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eISSN: 2574-8114

Textile Engineering & Fashion Technology

Review Article Volume 4 Issue 1

Various approaches in pattern making for garment sector

Dibyendu Bikash Datta,1 Partha Seal2

1Department of Fashion Management Studies, National Institute of Fashion Technology, India
2Knitwear Design Department, National Institute of Fashion Technology, India

Correspondence: Dibyendu Bikash Datta, Department of Fashion Management Studies, National Institute of Fashion Technology, Plot-3B, Block-LA, Sector III, Salt Lake City, Kolkata, West Bengal 700098, India, Tel 919433327019

Received: October 02, 2017 | Published: January 16, 2018

Citation: Datta DB, Seal P. Various approaches in pattern making for garment sector. J Textile Eng Fashion Technol. 2018;4(1):29-34. DOI: 10.15406/jteft.2018.04.00118

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Today’s garment-making technology has exceeded expectations, has become easier to learn and quickly adapt completely to the specific necessities of apparel designing. The fit is the most significant deciding factor related to the final acceptance or rejection of a garment. Getting to right design is as important as getting a right product with a perfect fit. The well-tailored fit is dependent on the pattern drafting integrating dimensions of the fit model having various shapes, contour and proportions. With the beginning of the industrial revolution and advances in textiles and clothing manufacturing, standardized patterns were vital to the success of ready-to-wear clothing. New technology platforms are facilitating greater flexibility in the areas of pattern designing, grading, marker making, waste reduction, increase in efficiency and accuracy of the cutting room and create accurate samples in time to help reduce costs are some advantage of using of computer-aided design (CAD) system in composite garment manufacturing. Increase in product development costs, the rise in shipping charges, and awful decision making are an entity that many businesses cannot afford. Efforts are required to drive a product to get to the market faster and are saleable. With that in mind, use of advanced technology in apparel manufacturing is an essential competitive advantage for retailers, brands, and manufacturers alike. This paper was designed to understand the various methods of pattern making systems.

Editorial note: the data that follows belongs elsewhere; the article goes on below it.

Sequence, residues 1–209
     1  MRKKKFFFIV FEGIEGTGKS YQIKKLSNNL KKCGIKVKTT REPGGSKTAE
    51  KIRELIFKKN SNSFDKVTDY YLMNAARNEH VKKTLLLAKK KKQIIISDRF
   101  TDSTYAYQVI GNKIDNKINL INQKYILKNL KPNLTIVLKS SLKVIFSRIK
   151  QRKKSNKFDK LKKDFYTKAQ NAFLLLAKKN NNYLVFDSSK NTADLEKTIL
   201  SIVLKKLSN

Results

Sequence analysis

Keywords: patternmaking, grading, clothing; toile, fit, cad


Pattern making is the art of designing patterns by making templates from which clothing and craft items can be sewn. A pattern making process actually help to come out with the imagination of designer from the sketching till real product. Pattern makers are also called 'Technical Designers'. When Fashion Designers complete their garment designing, Technical Designers starts their work to prepare the pattern of the garment. The garment making process consists of disparate yet interdependent stages. The aesthetic appearance, correct fit and the drape attributes of a garment depends significantly on every garment making process. Pattern making is considered as the first step in garment production. While making a garment as per design, templates are used to trace the various garment parts of similar style onto fabric prior to cutting and assembling. Generally, patterns are made of paper or cardboard templates that have become a skilled technical process over the centuries.

During the late medieval period, fabric weaving was done manually on primitive looms which were a slow and laborious process and therefore fabric was considered as a coveted commodity. Rectangular shaped fabric pieces were used for garment construction to minimize waste. The seminal art of pattern making began in the fifteenth century. In place of rectangular uncut fabric, pieces were carefully cut as per size and body's contour.1 the art of pattern making prior to the industrial revolution was extremely revered. Tailors worked meticulously to customize patterns based on their client's personal measurements and clothing was elaborate and solely relegated for the rich. The onset of the industrial revolution marked the importance of standardized patterns for the success of ready-to-wear clothing. However, initial attempts for standardized clothing patterns resulted in the positive approach towards systematic size chart of different regions like US or UK size chart.